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Meet the Faculty

Christopher Coggins

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Chris Coggins

Geography and Asian Studies
Division: Social Studies
Appointment: 1997

Liebowitz Center for International Studies
413-528-7282
ccoggins@simons-rock.edu

 

Education:

PhD, MS, Louisiana State University, 1998, 1991
BA, Wesleyan University, East Asian Studies, 1985

Areas of Interest:

Political ecology • environmental history • social constructions of nature • nature conservation • China.

Research Interests/Professional Service

  • 2011: With funding from ASIANetwork, worked with four Simon’s Rock students and colleagues in China to initiate long-term field research on fengshuilin (fengshui forests) in southern China. This is the first systematic multi-province research on fengshui forests, village protected forests which may cover some fourteen provinces in central and southern China. The results will be among the very first English language publications on this subject.
  • 2004-2010: With funding from the American Philosophical Society, Bard College (Freeman Foundation), and Bard College at Simon’s Rock, conducted field research on sacred landscapes and political ecology in NW Yunnan.
  • 2004: With funding from ASIANetwork, conducted field research with three Simon’s Rock students on sacred landscapes and tourism in Tibetan communities of NW Yunnan.
  • 2001: Team member on a research project investigating primate biogeography and conservation in China, funded by the National Geographic Society. Coggins has led students on field research and study tours in China in 1999, 2004, 2008, and 2011.

Publications/Book Chapters/Exhibitions/Performances

Books

  • Mapping Shangrila: Contested Landscapes in the Sino-Tibetan Borderlands. Edited with Emily Ting Yeh. Seattle: University of Washington Press, 2014). washington.edu/uwpress/search/books/YEHMAP.html
  • The Tiger and the Pangolin: Nature, Culture, and Conservation in China (University of Hawaii Press, 2003) (runner-up for the 2003 Julian Steward Award for best book in environmental/ ecological anthropology). http://www.uhpress.hawaii.edu/p-2630-9780824825065.aspx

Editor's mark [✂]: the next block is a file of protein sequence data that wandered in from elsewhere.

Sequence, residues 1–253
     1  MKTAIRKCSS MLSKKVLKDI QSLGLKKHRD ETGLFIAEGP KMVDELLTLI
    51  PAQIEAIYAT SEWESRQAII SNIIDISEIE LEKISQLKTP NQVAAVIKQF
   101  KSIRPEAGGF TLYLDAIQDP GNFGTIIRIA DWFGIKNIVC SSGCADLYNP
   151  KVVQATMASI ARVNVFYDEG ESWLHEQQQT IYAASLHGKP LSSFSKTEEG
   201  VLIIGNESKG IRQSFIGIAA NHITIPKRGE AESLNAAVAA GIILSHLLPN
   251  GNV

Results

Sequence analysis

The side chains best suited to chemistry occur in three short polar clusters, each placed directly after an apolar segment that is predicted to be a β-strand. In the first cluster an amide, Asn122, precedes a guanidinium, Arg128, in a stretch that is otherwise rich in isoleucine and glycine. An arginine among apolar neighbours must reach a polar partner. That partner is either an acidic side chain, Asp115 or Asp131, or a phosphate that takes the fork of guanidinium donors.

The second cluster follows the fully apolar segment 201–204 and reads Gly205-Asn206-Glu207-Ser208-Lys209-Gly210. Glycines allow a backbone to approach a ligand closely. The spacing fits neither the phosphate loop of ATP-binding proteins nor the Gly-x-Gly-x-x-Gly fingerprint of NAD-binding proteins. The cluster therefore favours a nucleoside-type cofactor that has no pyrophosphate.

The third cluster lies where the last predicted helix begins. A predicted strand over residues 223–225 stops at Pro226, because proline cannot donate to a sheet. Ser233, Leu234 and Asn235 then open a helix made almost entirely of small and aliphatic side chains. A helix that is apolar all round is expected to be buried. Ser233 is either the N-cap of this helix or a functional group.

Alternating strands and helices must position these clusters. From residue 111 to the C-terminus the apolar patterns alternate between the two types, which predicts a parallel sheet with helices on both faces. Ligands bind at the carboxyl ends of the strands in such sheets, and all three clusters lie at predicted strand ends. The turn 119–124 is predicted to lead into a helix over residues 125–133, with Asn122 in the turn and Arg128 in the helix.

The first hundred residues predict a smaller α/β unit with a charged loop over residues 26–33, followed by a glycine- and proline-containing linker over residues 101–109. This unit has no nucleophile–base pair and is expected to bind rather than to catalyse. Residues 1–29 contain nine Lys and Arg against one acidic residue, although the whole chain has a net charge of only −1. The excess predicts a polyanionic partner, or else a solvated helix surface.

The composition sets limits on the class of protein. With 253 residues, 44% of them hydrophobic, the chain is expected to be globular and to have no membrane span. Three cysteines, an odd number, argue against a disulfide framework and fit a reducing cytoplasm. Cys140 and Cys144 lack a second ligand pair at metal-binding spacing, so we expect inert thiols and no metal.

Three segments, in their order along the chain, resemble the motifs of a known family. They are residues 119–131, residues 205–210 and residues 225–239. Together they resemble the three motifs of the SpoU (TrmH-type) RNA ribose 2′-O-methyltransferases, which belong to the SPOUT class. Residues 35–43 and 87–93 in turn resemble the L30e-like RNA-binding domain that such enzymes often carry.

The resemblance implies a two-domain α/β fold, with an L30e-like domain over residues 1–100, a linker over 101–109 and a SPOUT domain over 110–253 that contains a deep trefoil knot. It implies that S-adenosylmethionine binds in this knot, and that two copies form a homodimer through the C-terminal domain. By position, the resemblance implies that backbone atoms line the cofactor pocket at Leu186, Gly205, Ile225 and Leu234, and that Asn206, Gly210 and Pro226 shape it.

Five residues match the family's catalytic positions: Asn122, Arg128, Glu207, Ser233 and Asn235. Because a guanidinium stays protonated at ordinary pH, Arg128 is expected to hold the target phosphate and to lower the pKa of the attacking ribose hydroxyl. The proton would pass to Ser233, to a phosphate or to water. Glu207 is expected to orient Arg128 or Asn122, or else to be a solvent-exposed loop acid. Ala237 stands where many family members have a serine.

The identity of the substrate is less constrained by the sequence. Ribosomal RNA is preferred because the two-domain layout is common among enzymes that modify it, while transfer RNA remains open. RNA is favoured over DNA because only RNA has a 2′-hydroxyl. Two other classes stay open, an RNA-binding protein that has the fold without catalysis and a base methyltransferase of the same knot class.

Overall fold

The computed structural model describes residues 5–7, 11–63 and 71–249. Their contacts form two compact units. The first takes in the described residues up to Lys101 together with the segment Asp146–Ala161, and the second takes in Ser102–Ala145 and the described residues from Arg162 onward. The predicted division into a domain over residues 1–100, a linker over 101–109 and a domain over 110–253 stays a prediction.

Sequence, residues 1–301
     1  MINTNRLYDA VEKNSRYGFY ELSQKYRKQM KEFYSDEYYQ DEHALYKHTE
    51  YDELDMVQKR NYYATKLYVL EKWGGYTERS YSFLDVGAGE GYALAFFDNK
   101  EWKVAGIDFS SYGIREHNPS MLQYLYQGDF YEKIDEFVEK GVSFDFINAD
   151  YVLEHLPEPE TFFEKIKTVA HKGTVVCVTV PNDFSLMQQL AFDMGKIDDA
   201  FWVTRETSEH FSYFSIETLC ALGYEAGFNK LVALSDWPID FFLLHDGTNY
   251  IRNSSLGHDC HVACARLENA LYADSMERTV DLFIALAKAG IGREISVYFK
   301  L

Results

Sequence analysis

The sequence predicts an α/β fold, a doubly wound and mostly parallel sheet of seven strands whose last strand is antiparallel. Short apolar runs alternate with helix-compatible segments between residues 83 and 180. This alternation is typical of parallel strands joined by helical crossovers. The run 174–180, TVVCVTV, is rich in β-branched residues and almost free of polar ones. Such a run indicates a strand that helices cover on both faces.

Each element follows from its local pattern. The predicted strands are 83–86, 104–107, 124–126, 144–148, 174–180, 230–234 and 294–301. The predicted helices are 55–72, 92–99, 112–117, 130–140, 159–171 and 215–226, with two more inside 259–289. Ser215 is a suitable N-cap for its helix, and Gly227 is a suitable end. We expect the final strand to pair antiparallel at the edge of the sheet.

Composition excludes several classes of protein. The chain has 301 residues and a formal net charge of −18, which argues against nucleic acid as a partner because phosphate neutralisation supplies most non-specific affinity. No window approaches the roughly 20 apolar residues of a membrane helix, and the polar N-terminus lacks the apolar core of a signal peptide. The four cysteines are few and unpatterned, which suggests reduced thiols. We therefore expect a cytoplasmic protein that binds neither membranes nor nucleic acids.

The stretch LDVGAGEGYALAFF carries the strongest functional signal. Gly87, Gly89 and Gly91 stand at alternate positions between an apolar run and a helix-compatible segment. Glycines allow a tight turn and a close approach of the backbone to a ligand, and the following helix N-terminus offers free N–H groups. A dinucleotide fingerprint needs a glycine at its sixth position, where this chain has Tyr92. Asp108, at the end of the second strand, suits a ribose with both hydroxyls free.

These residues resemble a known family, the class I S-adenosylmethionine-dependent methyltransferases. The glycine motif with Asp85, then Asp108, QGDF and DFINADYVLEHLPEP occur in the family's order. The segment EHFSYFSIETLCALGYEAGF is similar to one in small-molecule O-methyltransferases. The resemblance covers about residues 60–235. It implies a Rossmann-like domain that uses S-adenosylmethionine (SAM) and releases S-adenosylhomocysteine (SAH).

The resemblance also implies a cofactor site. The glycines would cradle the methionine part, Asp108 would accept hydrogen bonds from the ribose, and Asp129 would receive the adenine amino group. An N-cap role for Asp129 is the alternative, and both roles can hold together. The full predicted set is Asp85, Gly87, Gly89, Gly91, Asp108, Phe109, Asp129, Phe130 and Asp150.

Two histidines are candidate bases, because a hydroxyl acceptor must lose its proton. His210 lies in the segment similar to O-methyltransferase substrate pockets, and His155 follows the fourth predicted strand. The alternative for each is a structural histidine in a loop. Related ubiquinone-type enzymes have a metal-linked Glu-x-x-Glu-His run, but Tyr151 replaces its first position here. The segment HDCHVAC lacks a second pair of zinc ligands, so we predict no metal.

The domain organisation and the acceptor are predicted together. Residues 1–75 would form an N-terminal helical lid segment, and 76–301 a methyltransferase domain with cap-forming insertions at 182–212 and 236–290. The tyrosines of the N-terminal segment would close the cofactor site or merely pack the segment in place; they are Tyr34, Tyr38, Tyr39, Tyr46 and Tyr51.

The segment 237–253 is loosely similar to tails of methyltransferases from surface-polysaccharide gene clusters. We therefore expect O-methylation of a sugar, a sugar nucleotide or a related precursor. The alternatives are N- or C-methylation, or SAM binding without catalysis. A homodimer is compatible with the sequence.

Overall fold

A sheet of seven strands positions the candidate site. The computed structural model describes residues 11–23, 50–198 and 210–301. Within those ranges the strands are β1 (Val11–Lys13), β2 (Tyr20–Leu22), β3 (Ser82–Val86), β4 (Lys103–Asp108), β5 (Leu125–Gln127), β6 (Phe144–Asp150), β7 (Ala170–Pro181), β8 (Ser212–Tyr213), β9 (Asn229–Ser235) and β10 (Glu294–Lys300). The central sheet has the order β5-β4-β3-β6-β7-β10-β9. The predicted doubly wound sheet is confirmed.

• Co-author of The Primates of China: Biogeography and Conservation Status – Past, Present, and Future, published by China Forestry Publishing House, 2002.

Book Chapters and Articles

  • "Animate Landscapes: Nature Conservation and the Production of Agropastoral Sacred Space in Shangrila" with Gesang Zeren, in Emily Yeh and Chris Coggins (eds) 2014. Mapping Shangrila: Contested Landscapes in the Sino-Tibetan Borderlands. Seattle: University of Washington Press
  • "'When the Land is Excellent: Village Fengshui Forests and the Nature of Lineage, Polity, and Vitality in Southern China" in James Miller, Dan Smyer Yu and Peter van der Veer (eds.), 2013, Religious Diversity and Ecological Sustainability in the People’s Republic of China. New York: Routledge.
  • "'We Work the Black Seam Together' Ritual Politics and the Educative Ethic of Tending Delirium" (with Philip Mabry) in Educating Outside the Lines: Bard College at Simon’s Rock on ‘a new Pedagogy’ for the Twenty-first Century, 2011.
  • "Village Fengshui Forests of Southern China – Culture History and Conservation Status" with Joelle Chevrier, Maeve Dwyer, Lindsey Longway, Michael Xu, Peter Tiso, and Zhen Li. in ASIANetwork Exhange: A Journal for Asian Studies in the Liberal Arts Volume 19, No 2, 2012
    www.asianetworkexchange.org
  • "The Fate of the ‘Lord of a Hundred Beasts’ in the Wilds of Southern China," in Ronald Tilson and Philip Nyhus (ed.), 2010, Tigers of the World: The Science, Politics, and Conservation of Panthera tigris. New York: Elsevier Press.
  • Refereed journal articles in: Asian Geographer, Renewable Agriculture and Food Systems, The Geographical Review, The Journal of Cultural Geography, Policy Matters (a journal of the world conservation union–I.U.C.N.), Proceedings of the New England – St. Lawrence Valley Geographical Society, and other geography and Asia-related periodicals.

Other Activities

In 2004, Coggins became a member of the Working Group on Culture and Conservation in the I.U.C.N.’s Commission on Environmental, Economic, and Social Policy. He is also a member of the Association of American Geographers and the American Geographical Society.